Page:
Part way into the conversation her partner/ husband Tom showed up on the scene cancel the conversation and the plot thickened. Tom talked a lot about why there was such a big demand and move towards the buying of precious metals in recent years. In particular, it turns out that silver is the most popular of the two metals due to some sort of manipulation of the futures market that was suppressing the price. Sounded kind of fantastical but the man made a pretty good case which, without having any knowledge to the contrary was very convincing.

All in all, it was quite an interesting conversation needless to say. Another “job” to add to the list of interesting and somewhat “classified” jobs.

Anyway, here’s a link to their website and if you want hear what the owner Tom has to say check out his many videos on their YouTube channel. I admit this is one of the more fascinating teams of people I had run into, so I listen to a few of the videos later on when I got home.

Was some pretty convincing stuff. I’m not sure I’m ready to become a gold and silver buyer in the near future but I can understand why others might.

At least I got a few bucks for the ring. $27.50

BTW. Here is a good video with Tom talking.

A Unique Way to Judge a Good Home Builder.

Written by Paul Sharpe

Reposted by Kayla

I have what one might call a classified job. I inspect a lot of other people’s work in secret!

New home builders generally tend to look the same. They have flowery names for their subdivisions such as “Wuthering Heights” and “On the Lagoon” and nonsense like that. Pretty names do not a homebuilder make. Proper construction technique starting with the foundation and the framing do.

So here are a few suggestions if you want to pick out a well-built home. Put on your rubber boots and go snoop around one of their current subdivision lots when they’re cranking out foundations. Have a look at what type of foundation forms they are using to pour the foundations. Are they using a really good quality form boards or beat up old 2 x 4 and plywood frames. Of course, this is not a definitive example of what would engender good work but it is somewhat of a clue. It’s difficult to do a really good job with lousy materials.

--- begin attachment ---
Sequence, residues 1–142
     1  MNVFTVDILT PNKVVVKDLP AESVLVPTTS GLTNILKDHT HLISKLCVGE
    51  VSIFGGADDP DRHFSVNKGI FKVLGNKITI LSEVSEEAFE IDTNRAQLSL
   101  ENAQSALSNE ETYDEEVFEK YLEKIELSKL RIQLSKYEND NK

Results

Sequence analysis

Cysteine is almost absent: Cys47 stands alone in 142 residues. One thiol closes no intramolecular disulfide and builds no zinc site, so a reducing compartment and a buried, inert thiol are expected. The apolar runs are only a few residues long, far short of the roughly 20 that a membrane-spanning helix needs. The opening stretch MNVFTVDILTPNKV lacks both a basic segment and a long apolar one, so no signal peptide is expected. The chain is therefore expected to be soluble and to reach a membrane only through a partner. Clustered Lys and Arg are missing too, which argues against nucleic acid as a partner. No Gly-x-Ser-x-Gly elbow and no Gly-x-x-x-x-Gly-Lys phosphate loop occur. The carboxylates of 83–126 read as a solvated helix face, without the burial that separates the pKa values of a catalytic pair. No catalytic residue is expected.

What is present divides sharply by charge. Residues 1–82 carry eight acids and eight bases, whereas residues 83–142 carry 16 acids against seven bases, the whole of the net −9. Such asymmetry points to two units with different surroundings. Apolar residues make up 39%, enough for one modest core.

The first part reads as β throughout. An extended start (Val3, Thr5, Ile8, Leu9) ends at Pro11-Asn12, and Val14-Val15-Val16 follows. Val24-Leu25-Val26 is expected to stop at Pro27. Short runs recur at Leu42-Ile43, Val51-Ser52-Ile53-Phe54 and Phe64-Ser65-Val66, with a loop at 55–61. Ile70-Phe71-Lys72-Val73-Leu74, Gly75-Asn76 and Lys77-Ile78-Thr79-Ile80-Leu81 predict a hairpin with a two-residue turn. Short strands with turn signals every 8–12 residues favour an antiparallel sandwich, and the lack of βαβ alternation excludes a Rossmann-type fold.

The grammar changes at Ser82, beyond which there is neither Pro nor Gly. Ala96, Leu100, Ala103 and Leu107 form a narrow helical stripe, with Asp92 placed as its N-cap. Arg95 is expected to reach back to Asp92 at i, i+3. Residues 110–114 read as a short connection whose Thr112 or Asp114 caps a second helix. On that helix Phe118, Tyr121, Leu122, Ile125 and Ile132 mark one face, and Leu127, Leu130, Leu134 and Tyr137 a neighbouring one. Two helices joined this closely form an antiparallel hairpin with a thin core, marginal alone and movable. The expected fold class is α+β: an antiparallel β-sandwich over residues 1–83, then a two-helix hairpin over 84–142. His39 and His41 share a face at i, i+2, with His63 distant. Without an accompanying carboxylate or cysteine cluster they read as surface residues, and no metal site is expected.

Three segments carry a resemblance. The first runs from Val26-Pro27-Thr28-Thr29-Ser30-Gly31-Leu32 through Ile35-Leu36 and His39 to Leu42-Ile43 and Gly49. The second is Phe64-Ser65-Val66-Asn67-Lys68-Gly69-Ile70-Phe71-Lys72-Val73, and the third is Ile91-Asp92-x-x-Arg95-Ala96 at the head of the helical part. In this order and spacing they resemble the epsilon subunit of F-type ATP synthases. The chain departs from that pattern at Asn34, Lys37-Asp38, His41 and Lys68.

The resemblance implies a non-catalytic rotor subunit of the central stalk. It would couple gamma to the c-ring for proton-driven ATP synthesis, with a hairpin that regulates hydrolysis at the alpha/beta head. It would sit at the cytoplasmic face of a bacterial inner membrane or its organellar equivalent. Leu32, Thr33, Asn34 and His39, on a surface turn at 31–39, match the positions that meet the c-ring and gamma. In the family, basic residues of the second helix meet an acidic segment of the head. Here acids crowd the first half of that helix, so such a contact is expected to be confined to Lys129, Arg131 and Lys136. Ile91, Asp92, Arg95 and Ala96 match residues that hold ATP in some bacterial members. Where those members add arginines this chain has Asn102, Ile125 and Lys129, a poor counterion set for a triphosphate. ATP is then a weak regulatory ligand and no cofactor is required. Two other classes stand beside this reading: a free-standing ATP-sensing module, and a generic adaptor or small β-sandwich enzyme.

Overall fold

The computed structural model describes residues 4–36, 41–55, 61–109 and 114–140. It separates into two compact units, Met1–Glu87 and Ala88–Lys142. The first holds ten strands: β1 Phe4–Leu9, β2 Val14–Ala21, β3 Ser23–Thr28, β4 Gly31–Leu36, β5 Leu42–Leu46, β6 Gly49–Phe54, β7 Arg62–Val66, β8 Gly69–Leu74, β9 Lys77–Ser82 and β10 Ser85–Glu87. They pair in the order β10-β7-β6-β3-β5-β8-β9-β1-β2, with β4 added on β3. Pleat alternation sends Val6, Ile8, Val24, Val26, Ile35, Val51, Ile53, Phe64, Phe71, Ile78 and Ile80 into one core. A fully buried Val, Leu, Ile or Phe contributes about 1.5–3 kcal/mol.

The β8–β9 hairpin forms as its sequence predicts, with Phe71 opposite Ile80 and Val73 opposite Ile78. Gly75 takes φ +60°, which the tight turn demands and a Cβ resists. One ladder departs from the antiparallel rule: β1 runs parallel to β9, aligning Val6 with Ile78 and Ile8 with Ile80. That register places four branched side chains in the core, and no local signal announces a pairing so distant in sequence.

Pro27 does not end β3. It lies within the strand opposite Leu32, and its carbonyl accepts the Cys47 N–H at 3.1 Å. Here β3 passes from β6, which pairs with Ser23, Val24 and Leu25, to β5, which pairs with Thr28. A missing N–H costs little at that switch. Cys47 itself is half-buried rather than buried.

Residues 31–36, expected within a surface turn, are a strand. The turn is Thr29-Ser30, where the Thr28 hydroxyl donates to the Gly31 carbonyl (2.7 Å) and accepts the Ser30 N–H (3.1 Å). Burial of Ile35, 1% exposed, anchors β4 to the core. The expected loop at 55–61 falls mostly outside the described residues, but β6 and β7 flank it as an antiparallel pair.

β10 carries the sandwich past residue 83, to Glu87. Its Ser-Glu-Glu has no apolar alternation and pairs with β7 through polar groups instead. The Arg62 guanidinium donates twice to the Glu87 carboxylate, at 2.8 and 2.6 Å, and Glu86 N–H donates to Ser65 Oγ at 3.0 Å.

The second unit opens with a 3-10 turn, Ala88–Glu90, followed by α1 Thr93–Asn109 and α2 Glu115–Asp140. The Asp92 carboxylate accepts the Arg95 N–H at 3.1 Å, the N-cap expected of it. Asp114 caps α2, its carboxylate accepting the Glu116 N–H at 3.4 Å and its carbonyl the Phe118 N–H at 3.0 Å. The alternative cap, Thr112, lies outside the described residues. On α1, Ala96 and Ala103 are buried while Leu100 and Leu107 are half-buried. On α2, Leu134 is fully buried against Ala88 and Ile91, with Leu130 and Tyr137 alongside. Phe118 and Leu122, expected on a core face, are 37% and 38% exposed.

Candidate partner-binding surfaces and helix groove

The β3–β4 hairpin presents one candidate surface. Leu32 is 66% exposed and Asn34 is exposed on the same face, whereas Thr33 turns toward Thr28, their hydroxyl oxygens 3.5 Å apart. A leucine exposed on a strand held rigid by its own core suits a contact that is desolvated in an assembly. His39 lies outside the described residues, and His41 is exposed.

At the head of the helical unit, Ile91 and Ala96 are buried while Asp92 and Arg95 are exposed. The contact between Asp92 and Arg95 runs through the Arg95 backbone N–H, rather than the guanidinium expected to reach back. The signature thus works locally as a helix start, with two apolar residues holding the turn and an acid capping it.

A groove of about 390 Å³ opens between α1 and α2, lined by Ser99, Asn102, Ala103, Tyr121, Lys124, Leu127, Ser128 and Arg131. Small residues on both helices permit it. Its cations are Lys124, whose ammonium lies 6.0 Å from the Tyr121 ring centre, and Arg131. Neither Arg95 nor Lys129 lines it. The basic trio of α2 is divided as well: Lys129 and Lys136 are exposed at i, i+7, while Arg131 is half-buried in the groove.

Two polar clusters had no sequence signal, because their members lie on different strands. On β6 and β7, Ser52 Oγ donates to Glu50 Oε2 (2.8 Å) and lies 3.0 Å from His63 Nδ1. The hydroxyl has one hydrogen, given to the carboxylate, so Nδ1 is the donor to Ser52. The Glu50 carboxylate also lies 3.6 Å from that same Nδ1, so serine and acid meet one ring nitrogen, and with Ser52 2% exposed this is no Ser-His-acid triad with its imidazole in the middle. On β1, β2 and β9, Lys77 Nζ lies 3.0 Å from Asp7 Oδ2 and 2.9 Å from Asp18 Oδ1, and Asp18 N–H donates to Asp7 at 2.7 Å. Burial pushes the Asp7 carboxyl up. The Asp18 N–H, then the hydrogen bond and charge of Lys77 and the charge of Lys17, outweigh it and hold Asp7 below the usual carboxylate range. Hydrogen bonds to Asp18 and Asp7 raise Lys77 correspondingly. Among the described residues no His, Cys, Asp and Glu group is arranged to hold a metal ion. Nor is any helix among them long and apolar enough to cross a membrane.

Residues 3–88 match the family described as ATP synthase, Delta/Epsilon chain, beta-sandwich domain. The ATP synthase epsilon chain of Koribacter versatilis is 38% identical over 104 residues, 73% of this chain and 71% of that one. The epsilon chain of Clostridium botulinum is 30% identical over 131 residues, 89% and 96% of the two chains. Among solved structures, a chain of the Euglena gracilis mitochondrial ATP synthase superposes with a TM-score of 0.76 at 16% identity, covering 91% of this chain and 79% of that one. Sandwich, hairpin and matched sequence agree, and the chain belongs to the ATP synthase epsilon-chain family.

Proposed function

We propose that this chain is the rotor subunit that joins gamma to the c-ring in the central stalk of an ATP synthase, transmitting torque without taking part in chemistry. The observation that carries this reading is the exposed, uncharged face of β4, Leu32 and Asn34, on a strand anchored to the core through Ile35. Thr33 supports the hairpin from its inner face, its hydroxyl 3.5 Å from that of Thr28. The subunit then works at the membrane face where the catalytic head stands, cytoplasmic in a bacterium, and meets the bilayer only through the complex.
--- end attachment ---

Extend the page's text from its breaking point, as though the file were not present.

The next thing I would do is have a good look at a finished foundation before it’s backfilled. Have a look for large cracks. Look up with one eye down the top edges of the foundation and have a look at how straight they are along the horizontal top. Look for large dips in the top surface as this will lead to a lot of compression in the framing substrate later on. The foundation that isn’t straight will inevitably lead to sagging over time in the walls and some floors leaving cracks and nail pops.

We’ve heard the term” foundational principles” and the other colloquial type expressions based on the term foundation for a good reason. Foundations are everything. Whatever we place upon them is affected by them and in terms of housing, much of what occurs in the building of a foundation gets hidden after backfill and framing. It gets hidden in its entirety if you happen to have a finished basement. At this point, it becomes impossible to judge whether or not I house has a good foundation. So as I have suggested you will need to get out to the job site at the time they are actually pouring foundations.

Sure this may seem a bit extreme but that’s a lot of money you’re spending especially nowadays. Another aspect of foundations that is critical to examine is the fact that they are so difficult to fix once they are poured in hardened. What usually ends up happening when a foundation is uneven is the framing crews well pound small wooden shims in the low spots to prop up these areas. This is not a proper substitute for a straight foundation. It’s better than nothing, of course, but it’s a pale substitute.

Generally most of the aspects of the foundation that building inspectors will look at revolve around drainage. So in this regard they are all pretty much equal give-and-take. You can’t really count on building inspectors to judge straightness. Believe it or not they really don’t care and in fact, it’s not in the code. The foundation would have to be pretty out of whack for a building inspector to raise an eyebrow. In all my years I’ve never seen it and I doubt I ever will.

I know it’s a bit unorthodox but it’s damn good advice to get out to her subdivision in its early stages and check out some foundations. Like I said the foundation is everything.

Check this list of builders I have worked with at this Facebook Page.